Friday, January 9 2009 - Other Important News
Cold War vets sue over alleged germ experiments
By Paul Elias
SAN FRANCISCO -- Six veterans who claim they were exposed to dangerous chemicals, germs and mind-altering drugs during Cold War experiments sued the CIA, Department of Defense and other agencies today.
The vets volunteered for military experiments they say were part of a wide-ranging program started in the 1950s to test nerve agents, biological weapons and mind-control techniques.
They allege in their lawsuit filed in San Francisco federal court that they were never properly informed of the nature of the experiments and are in poor health because of their exposure. They are demanding health care and a court ruling that the program was illegal because it failed to obtain their consent.
Marie Harf, a CIA spokeswoman, declined to comment on the lawsuit, which seeks class action status on behalf of all participants allegedly exposed to harmful experiments without their knowledge.
At least 7,800 U.S. military personnel served as volunteers to test experimental drugs such as LSD at the Edgewood Arsenal near Baltimore, Md., during a program that lasted into the 1970s, the lawsuit said. Many others volunteered for similar experiments at other locations, according to the lawsuit.
"In virtually all cases, troops served in the same capacity as laboratory rats or guinea pigs," the lawsuit said.
One notorious CIA project from the 1950s and 1960s, code-named MK-ULTRA, involved
brainwashing and administering experimental drugs
In 1988, the Justice Department agreed to pay eight Canadians a total of $750,000 to settle their lawsuit alleging they suffered psychological trauma from CIA-financed mind-control experiments that included doses of LSD.
Harf said that MK-ULTRA "was thoroughly investigated and the CIA fully cooperated with each of the investigations."
The current lawsuit seeks to represent any veteran who suffered injuries or unwittingly participated in MK-ULTRA, though none of the named volunteers allege they participated in the project.
The veterans in the lawsuit accuse government officials of denying them medals and other citations promised them for participating in the experiments.
"We deserve amends," said Eric Muth, one of the veterans who attended a press conference in San Francisco today.
Muth said he volunteered as a 17-year-old Army enlistee in 1957 in a program he thought was for testing new equipment for use with riot gas. Instead, Muth alleges, he was purposely given inadequate protective gear and exposed to several dangerous chemicals to test their effectiveness as chemical weapons.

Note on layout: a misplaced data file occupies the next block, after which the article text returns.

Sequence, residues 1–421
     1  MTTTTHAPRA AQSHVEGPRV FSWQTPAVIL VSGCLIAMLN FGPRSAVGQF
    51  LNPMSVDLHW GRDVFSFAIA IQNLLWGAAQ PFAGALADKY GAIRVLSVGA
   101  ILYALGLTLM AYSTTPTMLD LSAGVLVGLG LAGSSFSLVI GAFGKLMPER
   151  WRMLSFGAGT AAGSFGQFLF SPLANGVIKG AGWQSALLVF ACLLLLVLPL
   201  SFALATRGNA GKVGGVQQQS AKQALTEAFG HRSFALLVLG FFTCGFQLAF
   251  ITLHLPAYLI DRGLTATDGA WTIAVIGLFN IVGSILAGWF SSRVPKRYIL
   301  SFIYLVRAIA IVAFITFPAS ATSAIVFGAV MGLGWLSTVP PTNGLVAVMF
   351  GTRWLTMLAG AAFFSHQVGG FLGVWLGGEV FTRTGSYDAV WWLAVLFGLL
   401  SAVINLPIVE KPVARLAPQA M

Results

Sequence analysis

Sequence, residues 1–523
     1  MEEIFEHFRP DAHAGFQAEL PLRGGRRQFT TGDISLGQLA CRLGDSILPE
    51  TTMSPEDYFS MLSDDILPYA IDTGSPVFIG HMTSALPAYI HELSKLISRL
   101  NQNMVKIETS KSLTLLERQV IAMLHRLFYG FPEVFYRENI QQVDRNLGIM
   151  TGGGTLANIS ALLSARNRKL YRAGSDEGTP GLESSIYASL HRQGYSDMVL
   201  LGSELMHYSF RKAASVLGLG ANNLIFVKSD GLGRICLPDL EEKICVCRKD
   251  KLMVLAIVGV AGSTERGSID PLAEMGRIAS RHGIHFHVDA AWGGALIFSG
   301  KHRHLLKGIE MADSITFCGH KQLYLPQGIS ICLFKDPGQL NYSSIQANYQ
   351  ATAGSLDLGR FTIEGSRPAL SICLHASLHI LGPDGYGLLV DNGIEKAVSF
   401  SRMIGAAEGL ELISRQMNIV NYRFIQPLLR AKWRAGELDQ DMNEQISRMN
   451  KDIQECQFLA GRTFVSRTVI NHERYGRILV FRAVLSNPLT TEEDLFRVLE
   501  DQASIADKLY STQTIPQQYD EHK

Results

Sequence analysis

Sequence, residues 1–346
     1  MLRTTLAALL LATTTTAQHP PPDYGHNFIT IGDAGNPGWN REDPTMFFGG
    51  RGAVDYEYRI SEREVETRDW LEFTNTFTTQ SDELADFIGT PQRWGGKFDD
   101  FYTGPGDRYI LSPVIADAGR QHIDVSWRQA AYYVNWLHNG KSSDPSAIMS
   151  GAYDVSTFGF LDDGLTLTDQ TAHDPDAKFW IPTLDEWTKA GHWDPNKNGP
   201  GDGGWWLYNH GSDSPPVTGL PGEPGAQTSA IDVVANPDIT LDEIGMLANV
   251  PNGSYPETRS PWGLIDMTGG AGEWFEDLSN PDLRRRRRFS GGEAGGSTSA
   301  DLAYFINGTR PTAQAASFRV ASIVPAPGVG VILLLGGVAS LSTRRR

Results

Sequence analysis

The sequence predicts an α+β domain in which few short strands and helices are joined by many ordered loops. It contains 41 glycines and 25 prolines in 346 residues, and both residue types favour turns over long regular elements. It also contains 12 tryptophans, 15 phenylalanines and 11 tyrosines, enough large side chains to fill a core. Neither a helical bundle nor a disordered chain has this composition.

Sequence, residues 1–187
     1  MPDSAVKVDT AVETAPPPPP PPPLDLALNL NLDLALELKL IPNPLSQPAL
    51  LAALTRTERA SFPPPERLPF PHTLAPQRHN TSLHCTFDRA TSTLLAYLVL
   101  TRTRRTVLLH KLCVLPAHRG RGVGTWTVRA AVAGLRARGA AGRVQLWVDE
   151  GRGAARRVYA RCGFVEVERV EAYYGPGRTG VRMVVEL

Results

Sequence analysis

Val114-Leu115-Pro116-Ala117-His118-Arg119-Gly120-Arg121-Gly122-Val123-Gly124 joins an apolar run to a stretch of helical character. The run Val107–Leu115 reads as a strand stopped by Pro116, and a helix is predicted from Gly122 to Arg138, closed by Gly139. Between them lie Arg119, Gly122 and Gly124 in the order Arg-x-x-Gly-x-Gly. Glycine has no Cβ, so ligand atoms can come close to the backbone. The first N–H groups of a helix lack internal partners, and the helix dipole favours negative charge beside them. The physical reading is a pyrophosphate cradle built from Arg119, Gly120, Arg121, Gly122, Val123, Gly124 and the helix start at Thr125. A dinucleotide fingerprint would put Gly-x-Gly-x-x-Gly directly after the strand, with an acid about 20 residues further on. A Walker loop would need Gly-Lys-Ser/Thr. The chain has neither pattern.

Muth, 68, said that he continues to suffer flashbacks and suffers from breathing problems.
Another veteran in the suit, Bruce Price, alleged that military doctors implanted something in a sinus cavity near his brain's frontal lobe in 1966 that remains there today. The veterans' lawyer, Gordon Erspamer, said he believes the implant was an attempted mind-control device. Price did not attend the press conference.
The lawsuit does not seek monetary damages but demands health care for veterans allegedly denied access to Department of Veterans Affairs facilities because they could not prove their ailments were related to their military service. Vietnam Veterans of America, a veterans advocacy group, is also a plaintiff.
The lawsuit claims that many of the volunteers' records have been destroyed or remain sealed as top secret documents.
The views expressed in this article are the sole responsibility of the author, who is solely responsible for its content, and do not necessarily reflect those of 911Truth.org. 911Truth.org will not be responsible or liable for any inaccurate or incorrect statements contained in this article.
Fair Use Notice
This page contains copyrighted material, the use of which has not always been specifically authorized by the copyright owner. We are making such material available in our efforts to advance understanding of political issues relating to alternative views of the 9/11 events, etc. We believe this constitutes a "fair use" of any such copyrighted material as provided for in section 107 of the US Copyright Law. In accordance with Title 17 U.S.C. Section 107, the material on this site is distributed without profit to those who have expressed a prior interest in receiving the included information for research and educational purposes. For more information go to: http://www.law.cornell.edu/uscode/17/107.shtml. If you wish to use copyrighted material from this site for purposes of your own that go beyond "fair use", you must obtain permission from the copyright owner.
|home | about us | contact | research | grassroots | calendar | links | search|